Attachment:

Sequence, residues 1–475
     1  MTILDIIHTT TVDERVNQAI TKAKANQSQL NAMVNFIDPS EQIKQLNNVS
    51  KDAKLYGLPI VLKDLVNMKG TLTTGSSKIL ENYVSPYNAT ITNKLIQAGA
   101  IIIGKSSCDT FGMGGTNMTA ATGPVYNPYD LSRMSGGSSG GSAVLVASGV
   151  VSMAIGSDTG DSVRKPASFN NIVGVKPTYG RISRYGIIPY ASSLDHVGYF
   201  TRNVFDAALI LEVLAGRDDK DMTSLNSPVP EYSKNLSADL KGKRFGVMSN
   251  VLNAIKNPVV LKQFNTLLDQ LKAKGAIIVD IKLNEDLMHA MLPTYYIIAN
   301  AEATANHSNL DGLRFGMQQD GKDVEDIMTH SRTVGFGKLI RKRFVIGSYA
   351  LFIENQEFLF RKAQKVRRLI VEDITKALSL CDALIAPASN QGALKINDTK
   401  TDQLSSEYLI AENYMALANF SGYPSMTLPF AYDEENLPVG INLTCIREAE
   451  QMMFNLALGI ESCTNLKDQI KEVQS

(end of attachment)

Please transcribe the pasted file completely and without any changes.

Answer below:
Sequence, residues 1–475
     1  MTILDIIHTT TVDERVNQAI TKAKANQSQL NAMVNFIDPS EQIKQLNNVS
    51  KDAKLYGLPI VLKDLVNMKG TLTTGSSKIL ENYVSPYNAT ITNKLIQAGA
   101  IIIGKSSCDT FGMGGTNMTA ATGPVYNPYD LSRMSGGSSG GSAVLVASGV
   151  VSMAIGSDTG DSVRKPASFN NIVGVKPTYG RISRYGIIPY ASSLDHVGYF
   201  TRNVFDAALI LEVLAGRDDK DMTSLNSPVP EYSKNLSADL KGKRFGVMSN
   251  VLNAIKNPVV LKQFNTLLDQ LKAKGAIIVD IKLNEDLMHA MLPTYYIIAN
   301  AEATANHSNL DGLRFGMQQD GKDVEDIMTH SRTVGFGKLI RKRFVIGSYA
   351  LFIENQEFLF RKAQKVRRLI VEDITKALSL CDALIAPASN QGALKINDTK
   401  TDQLSSEYLI AENYMALANF SGYPSMTLPF AYDEENLPVG INLTCIREAE
   451  QMMFNLALGI ESCTNLKDQI KEVQS